Good leaders make good sense

Editorial

Good leaders make good sense

Saturday, December 05, 2020

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We are struck by a comment from Jamaican national footballer Mr Damion Lowe in a recent interview with this newspaper.

“It's always an honour to wear the [captain's] armband, but at the same time, you don't need an armband to lead,” Mr Lowe said, when asked about his captaincy role during last month's topsy-turvy trip to Saudi Arabia by the Reggae Boyz.

That's so true. In sport, as in any endeavour, all team members must be prepared to do and say the correct thing in any given situation, in order to ensure project success.

Nonetheless, the role of the assigned leader is absolutely vital.

Readers will recall that the national team first lost 0-3 to their hosts, having arrived in that country in separate groups, days apart, because of poor arrangements. That chaotic state of affairs led to the national coach, Mr Theodore Whitmore, having to select a below-strength team for the first game, since some players who had arrived late had to await COVID-19 clearance before taking the field.

But three days later when the coach was able to field his best team, the Reggae Boyz pulled themselves together to impressively defeat their hosts 2-1.

The situation in Saudi Arabia was complicated by positive COVID-19 test results affecting five members of the Jamaican delegation. One player tested positive in London and was quarantined there while four other delegation members had to remain in Saudi Arabia under quarantine at the end of the tour. All have now returned home.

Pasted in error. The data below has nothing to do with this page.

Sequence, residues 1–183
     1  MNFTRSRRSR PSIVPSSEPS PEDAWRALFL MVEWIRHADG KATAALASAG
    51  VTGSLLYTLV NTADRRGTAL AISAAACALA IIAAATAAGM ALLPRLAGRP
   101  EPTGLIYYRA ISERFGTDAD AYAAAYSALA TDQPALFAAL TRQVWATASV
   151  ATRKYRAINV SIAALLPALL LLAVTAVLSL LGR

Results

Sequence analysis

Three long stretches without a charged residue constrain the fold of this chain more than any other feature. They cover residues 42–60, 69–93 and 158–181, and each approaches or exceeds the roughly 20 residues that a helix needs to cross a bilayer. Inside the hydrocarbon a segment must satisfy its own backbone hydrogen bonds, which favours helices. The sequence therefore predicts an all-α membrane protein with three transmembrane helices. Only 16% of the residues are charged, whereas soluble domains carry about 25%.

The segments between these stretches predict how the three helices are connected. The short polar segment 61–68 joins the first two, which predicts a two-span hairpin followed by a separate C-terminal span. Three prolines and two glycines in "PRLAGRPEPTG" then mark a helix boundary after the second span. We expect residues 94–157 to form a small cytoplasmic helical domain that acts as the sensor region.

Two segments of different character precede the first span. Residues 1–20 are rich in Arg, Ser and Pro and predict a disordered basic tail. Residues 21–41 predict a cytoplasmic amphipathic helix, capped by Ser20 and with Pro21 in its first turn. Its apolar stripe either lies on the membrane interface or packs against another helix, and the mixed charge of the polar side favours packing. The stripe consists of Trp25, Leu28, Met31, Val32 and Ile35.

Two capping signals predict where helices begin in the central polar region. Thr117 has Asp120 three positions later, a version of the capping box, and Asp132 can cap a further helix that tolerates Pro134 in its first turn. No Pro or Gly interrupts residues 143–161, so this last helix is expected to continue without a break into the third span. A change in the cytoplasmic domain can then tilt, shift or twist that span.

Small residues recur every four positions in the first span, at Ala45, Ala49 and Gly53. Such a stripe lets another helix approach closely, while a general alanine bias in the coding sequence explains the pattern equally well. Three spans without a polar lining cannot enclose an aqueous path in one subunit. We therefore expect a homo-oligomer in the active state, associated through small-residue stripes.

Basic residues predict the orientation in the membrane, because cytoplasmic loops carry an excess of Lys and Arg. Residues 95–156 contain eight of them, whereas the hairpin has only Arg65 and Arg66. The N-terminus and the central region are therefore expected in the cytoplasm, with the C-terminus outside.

It was a situation that required good, on-the-spot leadership. Our impression is that Mr Lowe, who was standing in as team captain for injured goalkeeper Mr Andre Blake, did a fine job.

Sometimes, leaders have to respond in unorthodox fashion to crisis. Mr Lowe's response to questions about how the team dealt with the situation in Saudi Arabia perhaps gives us some idea as to his own willingness to adapt and adjust.

“It was a mental test, as it was very difficult for all of us, but we stuck through it. The guys were very professional. We even started to joke about the situation just to lighten the moment,” he said.

But we also recognise that Mr Lowe — son of 1998 World Cup qualifying hero Mr Onandi Lowe — is capable of a no-nonsense approach, unwilling to put up with foolishness.

Hence his comment regarding future engagements for the Reggae Boyz: “I've told the administration it's [haphazard arrangements] not going to go on any longer, we need to get issues out the way before camps, before tours, so we can come in and focus only on football.

“Over the years it has been a situation where we come, negotiate, strike. Stuff like that won't get us to the World Cup; won't get us playing well; won't get us focused! We have new players coming in every time, and if we want to attract more players interested to play for the national team, we have to make sure that everything is set, so when they hear about what's going on in the national team they want to come and play,” he said.

That's good, sensible leadership, we think.


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